More than 640 kilometers away in the small Dutch university town of Groningen, a twenty-nine-year-old graduate student named Peter Van Weert watched Eatwell’s speech on TV. The hair on the back of his neck stood on end. Peter didn’t like Eatwell, or his toff accent, but this Eurocrat had spoken the truth. Europe needed to get off its ass. Peter had tired of reading about young Americans his age with half his talent who had managed to cash in their dot.com millions before things had gotten really ugly. Deep down, he knew the tech revolution would bounce back, and when it did, he wanted a piece of it — he wanted the buckets of money, the notoriety, and the respect. His problem was that he was lazy. He didn’t like to work all that hard. And he preferred to let his ideas speak for themselves.
Most of his ideas eddied around the subject of water. More than hash, more than sex, more than John Wayne westerns, Peter was consumed with water. It had always been a big deal to him. Growing up in the northern part of the Netherlands, it could not be avoided. When the warm winds of spring prevailed, his family would sail the choppy waters between Holland and Denmark. At other times they would visit friends in Hoorn, where they would rent a flat-bottomed Friesian boat for three or four days, wandering the calm waves of the IJsselmeer, formerly the South Sea until a series of storms and floods forced the Dutch to build a 19-mile long dike that turned it into a fresh water lake.
“I never really left the placenta,” Peter used to say in his undergrad days when he was feeling intoxicated by the power of H2O. His pals thought he was a bit odd. He couldn’t believe that a decade had gone by since then, but it had. The millennium had come and gone. He was now in year seven of his PhD. He had decided once and for all that it would be his final year. What he would do next, he hadn’t a clue, but he was somewhat confident that it would be related to an idea that had been swishing around in his head for some time. The Eurocrat’s speech brought it to the fore once again.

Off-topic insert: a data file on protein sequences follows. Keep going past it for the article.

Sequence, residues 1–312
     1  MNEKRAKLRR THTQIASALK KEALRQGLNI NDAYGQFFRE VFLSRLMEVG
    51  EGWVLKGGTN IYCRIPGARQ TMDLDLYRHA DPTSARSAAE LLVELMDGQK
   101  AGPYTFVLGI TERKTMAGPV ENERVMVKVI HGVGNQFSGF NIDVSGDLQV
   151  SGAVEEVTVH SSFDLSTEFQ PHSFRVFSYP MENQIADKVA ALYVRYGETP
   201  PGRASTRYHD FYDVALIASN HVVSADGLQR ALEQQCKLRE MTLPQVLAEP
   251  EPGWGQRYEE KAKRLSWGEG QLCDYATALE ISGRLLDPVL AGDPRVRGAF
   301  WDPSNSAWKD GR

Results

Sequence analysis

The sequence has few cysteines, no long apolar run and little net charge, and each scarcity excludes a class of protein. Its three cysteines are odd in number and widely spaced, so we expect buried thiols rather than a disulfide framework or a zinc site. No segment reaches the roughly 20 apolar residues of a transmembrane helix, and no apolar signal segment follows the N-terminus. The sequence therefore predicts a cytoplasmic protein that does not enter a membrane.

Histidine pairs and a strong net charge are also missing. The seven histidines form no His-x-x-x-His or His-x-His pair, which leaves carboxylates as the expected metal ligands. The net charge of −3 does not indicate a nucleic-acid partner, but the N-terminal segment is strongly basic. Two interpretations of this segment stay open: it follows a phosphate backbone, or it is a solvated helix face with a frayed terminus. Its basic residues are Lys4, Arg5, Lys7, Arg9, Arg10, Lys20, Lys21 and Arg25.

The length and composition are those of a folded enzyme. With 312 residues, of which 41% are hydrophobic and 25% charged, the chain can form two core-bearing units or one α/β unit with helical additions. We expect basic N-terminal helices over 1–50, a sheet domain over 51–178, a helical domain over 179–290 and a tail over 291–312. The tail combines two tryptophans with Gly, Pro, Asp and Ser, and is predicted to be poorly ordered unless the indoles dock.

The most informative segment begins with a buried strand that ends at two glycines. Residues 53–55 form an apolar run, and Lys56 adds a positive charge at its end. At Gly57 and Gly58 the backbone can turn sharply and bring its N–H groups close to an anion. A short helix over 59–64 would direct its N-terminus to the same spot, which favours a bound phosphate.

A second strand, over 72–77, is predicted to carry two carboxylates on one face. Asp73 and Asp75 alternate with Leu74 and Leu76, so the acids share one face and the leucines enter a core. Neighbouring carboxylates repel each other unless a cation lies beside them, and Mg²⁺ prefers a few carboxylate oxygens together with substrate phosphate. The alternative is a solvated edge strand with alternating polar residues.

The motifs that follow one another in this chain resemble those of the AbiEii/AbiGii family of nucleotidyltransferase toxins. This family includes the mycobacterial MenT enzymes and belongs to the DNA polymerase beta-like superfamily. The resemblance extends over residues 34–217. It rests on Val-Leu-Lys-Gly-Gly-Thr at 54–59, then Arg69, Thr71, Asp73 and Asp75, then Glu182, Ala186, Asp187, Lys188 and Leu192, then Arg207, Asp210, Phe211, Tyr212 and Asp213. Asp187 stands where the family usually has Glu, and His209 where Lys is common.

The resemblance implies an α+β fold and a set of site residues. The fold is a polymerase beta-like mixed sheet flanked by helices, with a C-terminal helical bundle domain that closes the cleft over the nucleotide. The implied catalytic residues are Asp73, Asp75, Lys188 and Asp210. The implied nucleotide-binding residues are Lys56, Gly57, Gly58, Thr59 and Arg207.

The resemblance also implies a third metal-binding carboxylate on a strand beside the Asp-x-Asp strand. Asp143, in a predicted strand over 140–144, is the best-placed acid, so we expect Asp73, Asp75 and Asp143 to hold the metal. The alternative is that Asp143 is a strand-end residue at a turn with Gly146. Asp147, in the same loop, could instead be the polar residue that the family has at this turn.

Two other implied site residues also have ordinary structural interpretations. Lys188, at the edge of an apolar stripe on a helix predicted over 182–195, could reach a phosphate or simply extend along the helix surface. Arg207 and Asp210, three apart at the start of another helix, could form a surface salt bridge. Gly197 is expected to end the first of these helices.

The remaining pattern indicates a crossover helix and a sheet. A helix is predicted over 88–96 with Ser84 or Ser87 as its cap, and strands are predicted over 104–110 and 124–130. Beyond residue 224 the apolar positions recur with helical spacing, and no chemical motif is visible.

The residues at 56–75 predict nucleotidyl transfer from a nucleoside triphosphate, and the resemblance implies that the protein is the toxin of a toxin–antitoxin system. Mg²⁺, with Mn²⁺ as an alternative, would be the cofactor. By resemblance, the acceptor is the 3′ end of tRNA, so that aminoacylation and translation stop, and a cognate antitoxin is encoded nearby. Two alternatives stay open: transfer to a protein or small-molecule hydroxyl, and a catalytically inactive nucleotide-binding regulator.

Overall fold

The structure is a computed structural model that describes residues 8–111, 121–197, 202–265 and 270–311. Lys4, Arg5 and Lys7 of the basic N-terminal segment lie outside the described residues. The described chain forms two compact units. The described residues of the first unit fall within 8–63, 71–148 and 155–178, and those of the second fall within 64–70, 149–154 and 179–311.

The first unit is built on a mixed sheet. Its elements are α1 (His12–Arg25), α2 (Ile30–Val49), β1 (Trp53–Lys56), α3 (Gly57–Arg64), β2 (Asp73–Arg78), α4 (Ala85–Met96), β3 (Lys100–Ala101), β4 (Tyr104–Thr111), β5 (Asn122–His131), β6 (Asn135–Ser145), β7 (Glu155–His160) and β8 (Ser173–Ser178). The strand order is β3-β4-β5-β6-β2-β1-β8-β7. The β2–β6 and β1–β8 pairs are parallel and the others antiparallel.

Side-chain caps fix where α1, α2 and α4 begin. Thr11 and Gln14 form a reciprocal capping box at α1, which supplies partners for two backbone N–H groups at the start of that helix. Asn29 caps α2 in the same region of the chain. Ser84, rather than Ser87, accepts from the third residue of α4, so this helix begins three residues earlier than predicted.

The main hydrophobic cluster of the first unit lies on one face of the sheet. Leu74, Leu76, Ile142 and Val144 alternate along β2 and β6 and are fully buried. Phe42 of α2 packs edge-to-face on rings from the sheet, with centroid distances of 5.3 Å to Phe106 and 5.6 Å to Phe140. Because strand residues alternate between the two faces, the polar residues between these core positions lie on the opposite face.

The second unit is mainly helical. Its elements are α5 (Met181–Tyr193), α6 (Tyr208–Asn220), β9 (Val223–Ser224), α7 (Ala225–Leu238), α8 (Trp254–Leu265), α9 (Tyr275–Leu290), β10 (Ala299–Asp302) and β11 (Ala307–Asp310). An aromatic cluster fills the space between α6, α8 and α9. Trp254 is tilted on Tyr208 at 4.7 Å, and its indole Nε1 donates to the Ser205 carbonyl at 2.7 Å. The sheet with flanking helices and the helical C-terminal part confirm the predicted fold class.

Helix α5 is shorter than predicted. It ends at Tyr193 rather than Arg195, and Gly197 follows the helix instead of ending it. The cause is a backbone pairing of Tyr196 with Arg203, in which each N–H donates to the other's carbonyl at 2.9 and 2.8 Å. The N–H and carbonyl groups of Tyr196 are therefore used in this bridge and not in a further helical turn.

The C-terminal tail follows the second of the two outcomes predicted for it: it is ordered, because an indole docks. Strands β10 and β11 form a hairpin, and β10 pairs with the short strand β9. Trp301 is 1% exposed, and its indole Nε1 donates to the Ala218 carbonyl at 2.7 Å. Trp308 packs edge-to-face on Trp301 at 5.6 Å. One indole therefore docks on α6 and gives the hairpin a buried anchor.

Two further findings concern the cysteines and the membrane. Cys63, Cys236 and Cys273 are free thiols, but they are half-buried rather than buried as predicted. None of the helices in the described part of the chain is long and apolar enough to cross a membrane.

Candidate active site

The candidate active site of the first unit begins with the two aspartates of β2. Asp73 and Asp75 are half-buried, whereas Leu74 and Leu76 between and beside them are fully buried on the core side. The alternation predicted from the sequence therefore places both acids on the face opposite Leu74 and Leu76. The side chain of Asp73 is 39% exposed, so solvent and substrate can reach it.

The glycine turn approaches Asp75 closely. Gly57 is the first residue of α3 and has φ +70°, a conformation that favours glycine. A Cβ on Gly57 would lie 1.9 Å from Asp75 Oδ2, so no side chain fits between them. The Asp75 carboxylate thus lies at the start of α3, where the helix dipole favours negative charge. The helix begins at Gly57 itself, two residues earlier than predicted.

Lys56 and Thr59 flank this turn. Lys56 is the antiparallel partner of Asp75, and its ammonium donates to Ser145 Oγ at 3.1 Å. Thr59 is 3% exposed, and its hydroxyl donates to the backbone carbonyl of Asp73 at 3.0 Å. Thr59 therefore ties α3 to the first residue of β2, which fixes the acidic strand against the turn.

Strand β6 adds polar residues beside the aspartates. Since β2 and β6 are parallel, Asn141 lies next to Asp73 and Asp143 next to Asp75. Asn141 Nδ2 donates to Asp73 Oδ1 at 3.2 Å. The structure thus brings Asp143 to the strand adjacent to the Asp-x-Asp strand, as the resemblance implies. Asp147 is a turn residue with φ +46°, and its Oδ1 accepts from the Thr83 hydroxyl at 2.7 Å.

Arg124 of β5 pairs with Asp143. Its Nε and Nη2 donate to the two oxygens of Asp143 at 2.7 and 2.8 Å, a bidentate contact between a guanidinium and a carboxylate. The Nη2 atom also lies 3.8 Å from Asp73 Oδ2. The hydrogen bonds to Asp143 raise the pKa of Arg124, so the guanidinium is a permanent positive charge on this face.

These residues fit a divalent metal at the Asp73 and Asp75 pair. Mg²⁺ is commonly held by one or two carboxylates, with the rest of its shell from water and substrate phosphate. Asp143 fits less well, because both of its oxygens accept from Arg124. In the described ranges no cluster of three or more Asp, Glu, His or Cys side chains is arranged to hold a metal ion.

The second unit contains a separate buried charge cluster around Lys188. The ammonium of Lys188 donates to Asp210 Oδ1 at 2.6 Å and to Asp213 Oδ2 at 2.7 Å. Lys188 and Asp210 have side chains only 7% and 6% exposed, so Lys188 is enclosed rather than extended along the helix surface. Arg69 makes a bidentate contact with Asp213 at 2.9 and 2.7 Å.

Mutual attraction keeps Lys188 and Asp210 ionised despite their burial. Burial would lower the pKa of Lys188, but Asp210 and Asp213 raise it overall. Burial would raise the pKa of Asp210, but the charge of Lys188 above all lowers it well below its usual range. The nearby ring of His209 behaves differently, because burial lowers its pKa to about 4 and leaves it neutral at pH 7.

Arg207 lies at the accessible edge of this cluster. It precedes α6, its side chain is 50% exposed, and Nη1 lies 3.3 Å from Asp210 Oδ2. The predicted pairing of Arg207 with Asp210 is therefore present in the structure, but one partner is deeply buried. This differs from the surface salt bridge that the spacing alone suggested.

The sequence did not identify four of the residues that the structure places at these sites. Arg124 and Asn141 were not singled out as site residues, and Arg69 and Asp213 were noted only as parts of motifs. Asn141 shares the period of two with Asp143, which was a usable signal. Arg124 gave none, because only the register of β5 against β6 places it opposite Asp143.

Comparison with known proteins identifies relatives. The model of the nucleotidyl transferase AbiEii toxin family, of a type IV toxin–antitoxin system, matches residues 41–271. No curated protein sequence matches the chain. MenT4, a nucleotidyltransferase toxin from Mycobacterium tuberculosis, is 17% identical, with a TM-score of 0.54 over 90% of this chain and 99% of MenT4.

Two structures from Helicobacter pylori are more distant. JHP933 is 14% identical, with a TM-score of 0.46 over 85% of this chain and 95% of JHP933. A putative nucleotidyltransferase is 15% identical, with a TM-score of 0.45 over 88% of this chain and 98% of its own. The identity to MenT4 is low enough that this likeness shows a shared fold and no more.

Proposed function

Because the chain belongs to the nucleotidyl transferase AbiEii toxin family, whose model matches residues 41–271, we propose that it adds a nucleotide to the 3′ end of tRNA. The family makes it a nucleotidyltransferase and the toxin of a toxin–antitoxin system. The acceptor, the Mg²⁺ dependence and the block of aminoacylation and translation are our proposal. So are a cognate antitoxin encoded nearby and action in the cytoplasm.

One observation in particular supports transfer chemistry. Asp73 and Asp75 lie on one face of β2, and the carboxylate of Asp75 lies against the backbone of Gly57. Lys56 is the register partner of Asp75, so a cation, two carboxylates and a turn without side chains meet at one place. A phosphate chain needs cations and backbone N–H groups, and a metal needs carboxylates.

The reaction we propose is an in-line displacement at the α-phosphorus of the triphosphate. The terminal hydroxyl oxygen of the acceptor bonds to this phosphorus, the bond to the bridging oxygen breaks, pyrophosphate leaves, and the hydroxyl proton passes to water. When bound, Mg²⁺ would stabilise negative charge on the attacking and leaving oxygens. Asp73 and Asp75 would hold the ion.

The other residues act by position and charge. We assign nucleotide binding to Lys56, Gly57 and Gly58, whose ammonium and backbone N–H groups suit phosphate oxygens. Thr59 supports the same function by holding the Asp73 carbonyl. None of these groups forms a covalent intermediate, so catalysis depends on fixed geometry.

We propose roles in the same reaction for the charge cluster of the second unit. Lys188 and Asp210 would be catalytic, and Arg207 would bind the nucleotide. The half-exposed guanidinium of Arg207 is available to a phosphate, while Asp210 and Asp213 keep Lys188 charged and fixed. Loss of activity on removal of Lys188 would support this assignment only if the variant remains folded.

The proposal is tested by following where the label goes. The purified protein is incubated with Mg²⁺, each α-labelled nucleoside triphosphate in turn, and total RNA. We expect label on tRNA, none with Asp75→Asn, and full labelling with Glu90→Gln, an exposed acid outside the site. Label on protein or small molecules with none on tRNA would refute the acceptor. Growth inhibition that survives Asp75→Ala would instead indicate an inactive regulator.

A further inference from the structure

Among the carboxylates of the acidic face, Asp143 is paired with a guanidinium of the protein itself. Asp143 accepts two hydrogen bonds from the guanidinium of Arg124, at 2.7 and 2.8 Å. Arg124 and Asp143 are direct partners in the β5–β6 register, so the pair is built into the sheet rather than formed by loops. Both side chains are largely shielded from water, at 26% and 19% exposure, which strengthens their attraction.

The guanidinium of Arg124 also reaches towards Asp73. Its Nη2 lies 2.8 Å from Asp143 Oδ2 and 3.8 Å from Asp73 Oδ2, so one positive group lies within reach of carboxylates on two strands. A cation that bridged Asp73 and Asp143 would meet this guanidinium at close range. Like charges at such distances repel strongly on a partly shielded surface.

Peter walked over to his stereo, turned on some Brahms and fired up his computer. He was restless. He had wanted to get away for a while and started surfing the Web for cheap airfares to Rome. The Internet connection was painfully slow. After minutes of waiting for a page to load, Peter smacked his fist on the table, knocking over a glass of water. The water oozed across the uneven contour of the wooden desktop, rolling toward the lowest part of the plain. Hanging on a cork board on the wall just above the place where the water dripped off the table, hung a postcard of New York — an old one dated by the presence of the World Trade Center towers sticking out their chests.
“Grote ver Jezus (Jesus Christ),” he whispered to himself.
With that, Peter threw himself into a week of monastic isolation. No phone calls, no nightcaps at the bar, no football. He stocked up on cheese and plunged into a fit of research that at times felt dreamlike. What emerged was an esoteric description of how the world’s water supply could be used to transmit voice, video, and data to homes and offices through the municipal water network.
It was a big idea. For Peter, it was up there with Newton’s apple. He wrote it all down, put it in an envelope, dropped it in his tutor’s mailbox on an uncharacteristically sunny Friday afternoon, and headed to the graduate lounge for half-priced pints of Oranjeboom beer.